Friday, May 2, 2014

What I Think About When I Think About Lucy Corin's "100 Apocalypses and Other Apocalypses."

I've been reading 100 Apocalypses and Other Apocalypses, by Lucy Corin, a book that is an actual book.  While I'm usually opposed to actual real books made of paper because this isn't 1853, I make exceptions if it's the only way to read a book that I really want to read.

"Real" books should only be "real" books if there's a reason for them to be in physical form.  The two books I bought as get well presents for myself are both real books (the other one is "S" by JJ Abrams) and both seem to have a reason for being real.

In 100 Apocalypses, for example, Lucy Corin relies on the physical layout of the page to help tell some of the stories.  There are bits in the margins of some stories, a layout that works really well.  (One story tells the main story in the big part of the page but along the margin tells what seems to be an alternate version of the story, a gimmick I liked.)  And the story I got to most recently (I'm about halfway through all the apocalypses) is called "Vision Test Card."

The story starts out with small -- VERY small -- print, just as a vision test would.  It's so small that while I could (just barely) read it on the page, with a lot of work, I ended up cheating (?) and taking a picture of the page with my phone to enlarge the words:

And as I did that, I thought how weird it was that this book, which the author adamantly was determined should remain in physical format for me (again, something I usually dislike: telling me how I have to experience your work rubs me the wrong way, unless it's for a purpose) this book had been converted back into electronic form for me to read it.

The gimmick itself, the small words growing larger, works well in the story and as a reading device, making you work for the story and focusing you on the act of reading as well as the story itself, while also giving you a feel for how the man across the aisle might feel: "he couldn't tell from watching her fingers what she was writing," and we almost can't tell, either.

I call it a gimmick, because it is, but that seems too pejorative. A gimmick is a style device that doesn't work.  When it does, it is more properly termed a device.  So Lucy Corin's devices work in the service of her stories and because of that, the small type, concurrent stories, and even the physical nature of the book itself enhance, rather than detract from, the experience of reading the book.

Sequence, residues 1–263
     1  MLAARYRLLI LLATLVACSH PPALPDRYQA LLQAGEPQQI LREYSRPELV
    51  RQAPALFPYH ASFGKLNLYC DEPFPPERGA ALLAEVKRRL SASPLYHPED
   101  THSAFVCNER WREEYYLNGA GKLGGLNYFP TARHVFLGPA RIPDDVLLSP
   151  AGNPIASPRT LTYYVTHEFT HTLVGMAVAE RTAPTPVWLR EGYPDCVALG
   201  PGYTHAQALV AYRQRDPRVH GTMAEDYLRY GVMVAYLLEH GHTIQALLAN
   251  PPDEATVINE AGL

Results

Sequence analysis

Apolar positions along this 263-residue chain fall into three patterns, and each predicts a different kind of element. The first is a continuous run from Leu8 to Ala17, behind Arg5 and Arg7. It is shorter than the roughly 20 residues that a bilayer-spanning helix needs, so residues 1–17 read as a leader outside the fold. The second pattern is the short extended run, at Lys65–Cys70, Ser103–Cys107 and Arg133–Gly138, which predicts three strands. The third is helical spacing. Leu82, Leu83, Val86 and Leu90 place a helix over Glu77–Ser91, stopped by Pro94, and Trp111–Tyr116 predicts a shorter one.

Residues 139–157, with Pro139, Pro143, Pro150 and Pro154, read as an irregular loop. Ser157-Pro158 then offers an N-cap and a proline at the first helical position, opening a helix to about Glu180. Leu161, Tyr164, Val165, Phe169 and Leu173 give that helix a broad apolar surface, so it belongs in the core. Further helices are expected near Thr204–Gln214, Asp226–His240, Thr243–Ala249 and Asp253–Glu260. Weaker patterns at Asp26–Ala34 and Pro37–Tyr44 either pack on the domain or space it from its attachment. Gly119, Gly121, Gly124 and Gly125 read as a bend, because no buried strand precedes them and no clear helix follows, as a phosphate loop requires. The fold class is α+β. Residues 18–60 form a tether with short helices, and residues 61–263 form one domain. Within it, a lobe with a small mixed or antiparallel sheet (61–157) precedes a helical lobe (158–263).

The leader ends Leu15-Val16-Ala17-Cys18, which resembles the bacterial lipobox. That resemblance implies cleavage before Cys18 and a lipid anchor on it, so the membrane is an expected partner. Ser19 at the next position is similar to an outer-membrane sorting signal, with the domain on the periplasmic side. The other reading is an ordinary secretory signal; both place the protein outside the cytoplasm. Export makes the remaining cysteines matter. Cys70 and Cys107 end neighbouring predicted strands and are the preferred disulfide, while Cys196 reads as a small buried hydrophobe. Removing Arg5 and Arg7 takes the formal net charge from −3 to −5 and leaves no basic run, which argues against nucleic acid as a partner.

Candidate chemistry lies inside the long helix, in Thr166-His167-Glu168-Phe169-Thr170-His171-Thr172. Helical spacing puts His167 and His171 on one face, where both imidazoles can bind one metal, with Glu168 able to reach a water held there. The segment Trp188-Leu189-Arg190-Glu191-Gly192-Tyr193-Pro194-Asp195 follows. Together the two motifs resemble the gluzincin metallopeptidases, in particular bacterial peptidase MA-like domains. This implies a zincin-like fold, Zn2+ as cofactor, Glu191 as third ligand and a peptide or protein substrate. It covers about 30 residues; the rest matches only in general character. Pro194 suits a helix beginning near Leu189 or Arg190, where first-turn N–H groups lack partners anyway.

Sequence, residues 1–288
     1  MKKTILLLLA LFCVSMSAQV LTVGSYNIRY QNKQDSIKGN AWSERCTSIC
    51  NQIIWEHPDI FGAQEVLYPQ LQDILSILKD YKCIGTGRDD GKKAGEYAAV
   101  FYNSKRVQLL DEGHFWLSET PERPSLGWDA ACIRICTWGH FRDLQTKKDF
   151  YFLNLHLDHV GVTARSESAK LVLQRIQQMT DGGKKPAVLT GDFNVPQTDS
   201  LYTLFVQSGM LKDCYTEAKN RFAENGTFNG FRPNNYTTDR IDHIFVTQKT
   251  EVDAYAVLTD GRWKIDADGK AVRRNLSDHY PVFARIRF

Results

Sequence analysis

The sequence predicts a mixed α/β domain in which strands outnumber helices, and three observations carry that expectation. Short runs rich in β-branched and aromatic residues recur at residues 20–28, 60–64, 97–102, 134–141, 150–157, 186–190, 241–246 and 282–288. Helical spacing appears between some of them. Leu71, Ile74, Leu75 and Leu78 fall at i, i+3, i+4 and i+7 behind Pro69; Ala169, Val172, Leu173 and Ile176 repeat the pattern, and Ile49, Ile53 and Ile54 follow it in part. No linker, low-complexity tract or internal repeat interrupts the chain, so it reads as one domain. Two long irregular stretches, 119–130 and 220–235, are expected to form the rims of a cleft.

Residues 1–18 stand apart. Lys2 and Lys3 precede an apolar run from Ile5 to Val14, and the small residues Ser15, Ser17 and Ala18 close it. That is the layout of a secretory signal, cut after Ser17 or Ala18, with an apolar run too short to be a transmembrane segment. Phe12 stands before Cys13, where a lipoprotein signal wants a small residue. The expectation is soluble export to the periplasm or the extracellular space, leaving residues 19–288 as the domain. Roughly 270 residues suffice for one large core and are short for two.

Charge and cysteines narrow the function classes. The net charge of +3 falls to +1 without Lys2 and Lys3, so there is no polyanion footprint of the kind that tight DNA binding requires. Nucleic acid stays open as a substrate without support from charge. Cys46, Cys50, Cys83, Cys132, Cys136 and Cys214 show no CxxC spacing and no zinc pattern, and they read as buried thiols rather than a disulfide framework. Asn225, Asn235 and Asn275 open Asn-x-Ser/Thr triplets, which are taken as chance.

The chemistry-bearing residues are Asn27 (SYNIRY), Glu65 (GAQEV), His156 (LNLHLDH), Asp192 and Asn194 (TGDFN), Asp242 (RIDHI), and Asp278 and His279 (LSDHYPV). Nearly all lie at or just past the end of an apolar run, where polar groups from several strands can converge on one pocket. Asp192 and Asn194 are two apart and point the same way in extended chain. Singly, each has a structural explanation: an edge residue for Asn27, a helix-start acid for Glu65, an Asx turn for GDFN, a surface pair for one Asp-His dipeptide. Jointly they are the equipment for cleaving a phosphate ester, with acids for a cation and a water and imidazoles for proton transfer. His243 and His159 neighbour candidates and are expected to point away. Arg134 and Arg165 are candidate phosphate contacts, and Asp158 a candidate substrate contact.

(Also, it's an excellent book that spec fic lovers should read.  If you want a sample of the stories, McSweeney's ran excerpts weekly and has them up on its site; click this link to go there.  Lucy Corin's writing has influenced mine significantly, as you'll see if you check out any of her stories.)


Check out my own stories at lit, a place for stories, where I not only publish some of my own work but I will pay you for your writing!  Click here to go to the site


  1. I don't know; I think a gimmick is a gimmick whether it works or not. In fact, I think it may only be a gimmick if it does work... Yes, after reading half a dozen definitions from various sources, a gimmick is something that works. Only one of the definitions used the word "intended," so I would have to say, in general, a failed gimmick is not actually a gimmick at all.

    Not that that was the point of your post, but that's where my brain got stuck.

  2. It is a catchy word: Gimmick. Fun to say. But Wikipedia backs my definition:

    In marketing language, a gimmick is a unique or quirky special feature that makes something "stand out" from its contemporaries. However, the special feature is typically thought to be of little relevance or use. Thus, a gimmick is a special feature for the sake of having a special feature.

  3. You'd think by now I'd know to look and see if Sweetie was signed in.

  4. I fell out of love with ebooks in a major way. I still buy and read them, but they aren't real books. After the apocalypse everyone will wish they had paper books!

    And food. People will want food too.

  5. I think you're the first person to make the trip backwards in time.

    I hate real books. Really, hate is the emotion I feel towards them.